The eruption occurred on private land, about a two-hour walk from the nearest road. It goes without saying that there were neither toilets on the site nor a parking space, a minimum infrastructure that had to be provided to preserve the surrounding environment. In May 2021, after clearing unpaved lots and installing port-a-potties at the trailhead, the landowners instituted a parking fee of ISK 1,000, saying the proceeds would go towards building infrastructure in the region. The government has also agreed to contribute financially to the construction of the necessary services on the site. Tensions mounted, however, when the owners of the lot announced they would be willing to sell the property – and the brand new volcano – at the right price. Government officials said they would protect public access to the site and that investing public funds was out of the question if new owners planned to operate the site for profit.
Eruptions pose enormous planning challenges for landowners and authorities: they are difficult to predict, attract large numbers of people, involve significant hazard, and are constantly changing the very landscape around them. The Fagradalsfjall eruption hiking trails, for example, were regularly closed or modified because they were cut by lava. The eruption stopped in September 2021 and the number of visitors dwindled to a trickle. All site development plans have been halted.
Lack of policy?
If there’s anything the stories above show, it’s that the Icelandic government lacks a cohesive policy when it comes to entry fees, access and funding the necessary infrastructure at the sites. popular tourist. Decisions seem to be made on a case-by-case basis, and are largely reactionary: infrastructure is not created in anticipation of increased traffic, but only when that traffic already exceeds the boundaries of the site in question.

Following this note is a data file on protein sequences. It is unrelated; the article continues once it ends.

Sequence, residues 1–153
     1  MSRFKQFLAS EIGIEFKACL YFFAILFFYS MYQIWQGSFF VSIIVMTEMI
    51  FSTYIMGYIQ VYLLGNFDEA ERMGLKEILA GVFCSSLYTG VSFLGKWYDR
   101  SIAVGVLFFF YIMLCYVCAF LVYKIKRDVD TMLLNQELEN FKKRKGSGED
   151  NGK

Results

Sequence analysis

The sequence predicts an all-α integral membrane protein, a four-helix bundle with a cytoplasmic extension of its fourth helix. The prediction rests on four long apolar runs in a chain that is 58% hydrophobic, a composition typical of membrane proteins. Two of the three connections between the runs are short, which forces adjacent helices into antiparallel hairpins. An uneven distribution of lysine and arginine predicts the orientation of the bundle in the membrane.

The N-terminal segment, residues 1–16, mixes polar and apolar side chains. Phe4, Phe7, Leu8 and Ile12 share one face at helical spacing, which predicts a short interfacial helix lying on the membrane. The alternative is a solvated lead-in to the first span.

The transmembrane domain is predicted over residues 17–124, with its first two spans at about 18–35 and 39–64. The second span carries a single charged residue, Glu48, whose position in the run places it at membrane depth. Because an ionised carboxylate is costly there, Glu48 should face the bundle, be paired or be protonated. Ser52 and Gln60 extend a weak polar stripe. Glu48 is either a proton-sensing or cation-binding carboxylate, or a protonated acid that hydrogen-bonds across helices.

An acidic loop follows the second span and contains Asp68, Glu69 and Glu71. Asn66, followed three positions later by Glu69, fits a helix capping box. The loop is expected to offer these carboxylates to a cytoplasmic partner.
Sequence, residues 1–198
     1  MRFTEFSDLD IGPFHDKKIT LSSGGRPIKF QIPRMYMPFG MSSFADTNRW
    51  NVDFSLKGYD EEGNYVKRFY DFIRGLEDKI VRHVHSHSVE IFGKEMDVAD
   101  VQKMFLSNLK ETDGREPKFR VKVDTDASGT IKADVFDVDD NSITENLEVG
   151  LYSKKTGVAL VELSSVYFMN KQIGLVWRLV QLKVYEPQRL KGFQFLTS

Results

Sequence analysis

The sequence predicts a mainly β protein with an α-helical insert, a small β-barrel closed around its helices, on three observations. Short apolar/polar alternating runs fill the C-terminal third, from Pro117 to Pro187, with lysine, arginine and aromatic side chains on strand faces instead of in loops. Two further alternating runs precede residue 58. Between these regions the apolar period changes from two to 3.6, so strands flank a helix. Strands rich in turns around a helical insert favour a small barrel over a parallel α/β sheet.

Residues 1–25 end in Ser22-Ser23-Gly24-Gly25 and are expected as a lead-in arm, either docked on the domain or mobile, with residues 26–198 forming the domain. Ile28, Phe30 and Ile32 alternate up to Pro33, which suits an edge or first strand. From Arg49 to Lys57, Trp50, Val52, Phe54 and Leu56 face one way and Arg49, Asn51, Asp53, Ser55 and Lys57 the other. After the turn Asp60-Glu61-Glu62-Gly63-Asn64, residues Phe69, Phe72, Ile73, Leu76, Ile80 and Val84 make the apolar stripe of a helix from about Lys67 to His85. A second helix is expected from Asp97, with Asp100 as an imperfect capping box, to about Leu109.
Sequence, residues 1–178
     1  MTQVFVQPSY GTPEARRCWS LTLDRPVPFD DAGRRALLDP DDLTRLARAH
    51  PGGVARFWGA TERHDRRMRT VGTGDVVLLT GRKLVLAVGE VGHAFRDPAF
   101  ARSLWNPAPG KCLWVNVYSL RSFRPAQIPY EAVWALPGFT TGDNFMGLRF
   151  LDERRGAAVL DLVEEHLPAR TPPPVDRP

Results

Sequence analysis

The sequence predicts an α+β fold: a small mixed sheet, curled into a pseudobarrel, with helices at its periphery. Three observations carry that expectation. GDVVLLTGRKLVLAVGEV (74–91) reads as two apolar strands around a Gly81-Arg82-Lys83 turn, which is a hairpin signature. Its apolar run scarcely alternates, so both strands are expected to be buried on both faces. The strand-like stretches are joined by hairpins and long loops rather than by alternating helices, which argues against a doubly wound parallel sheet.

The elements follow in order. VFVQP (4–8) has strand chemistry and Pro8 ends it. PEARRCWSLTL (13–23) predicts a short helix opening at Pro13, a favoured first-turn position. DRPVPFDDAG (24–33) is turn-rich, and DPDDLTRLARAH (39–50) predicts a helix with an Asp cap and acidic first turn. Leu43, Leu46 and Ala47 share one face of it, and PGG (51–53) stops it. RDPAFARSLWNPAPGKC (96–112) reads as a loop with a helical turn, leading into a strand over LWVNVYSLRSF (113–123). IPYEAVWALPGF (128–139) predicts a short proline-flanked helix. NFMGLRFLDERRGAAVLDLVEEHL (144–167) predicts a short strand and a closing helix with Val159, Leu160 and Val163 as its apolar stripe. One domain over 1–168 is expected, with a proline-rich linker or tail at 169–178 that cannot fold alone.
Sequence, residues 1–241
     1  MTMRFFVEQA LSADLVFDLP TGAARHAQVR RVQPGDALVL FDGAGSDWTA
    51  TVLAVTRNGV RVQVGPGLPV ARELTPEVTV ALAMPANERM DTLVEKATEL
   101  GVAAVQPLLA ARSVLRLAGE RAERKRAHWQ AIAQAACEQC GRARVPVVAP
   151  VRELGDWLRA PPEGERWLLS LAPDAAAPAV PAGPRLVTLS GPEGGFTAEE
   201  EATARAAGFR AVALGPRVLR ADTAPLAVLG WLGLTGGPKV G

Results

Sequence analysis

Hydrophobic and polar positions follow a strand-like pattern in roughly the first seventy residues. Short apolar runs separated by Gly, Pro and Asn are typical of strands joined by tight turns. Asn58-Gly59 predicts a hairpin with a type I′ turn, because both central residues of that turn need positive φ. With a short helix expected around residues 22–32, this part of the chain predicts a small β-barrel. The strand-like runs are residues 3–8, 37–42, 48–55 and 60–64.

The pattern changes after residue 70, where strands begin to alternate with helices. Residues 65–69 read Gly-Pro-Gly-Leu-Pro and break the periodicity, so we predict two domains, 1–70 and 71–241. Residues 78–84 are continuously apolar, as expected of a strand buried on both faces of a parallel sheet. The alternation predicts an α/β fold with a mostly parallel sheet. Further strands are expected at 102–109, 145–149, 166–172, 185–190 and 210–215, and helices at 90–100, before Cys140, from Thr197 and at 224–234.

The issues that affect the operation of privately owned tourist sites relate to broader issues related to land ownership in Iceland in general. In recent years, such discussions have centered on property consolidation, for example, which would give wealthy individuals disproportionate control over natural resources in Iceland. Government policy may need to be clarified regarding the responsibilities of landowners, particularly with respect to natural resources or natural wonders located on their property.
While Icelanders and the Icelandic authorities feel that most, if not all, natural sites should remain free and accessible to all, they are also not opposed to the imposition of fees in exchange for services, particularly if the funds collected are intended for the conservation of nature and the necessary infrastructures. This type of administration has been successful at sites like Víðgelmir Cave, where private owners have both increased access to the site and ensured its proper conservation. The fees don’t seem to deter foreign tourists or locals from visiting the sites: and probably seem minor compared to the cost of their accommodation, dinner or rental car. In fact, travelers often seem happy to help protect the areas they visit.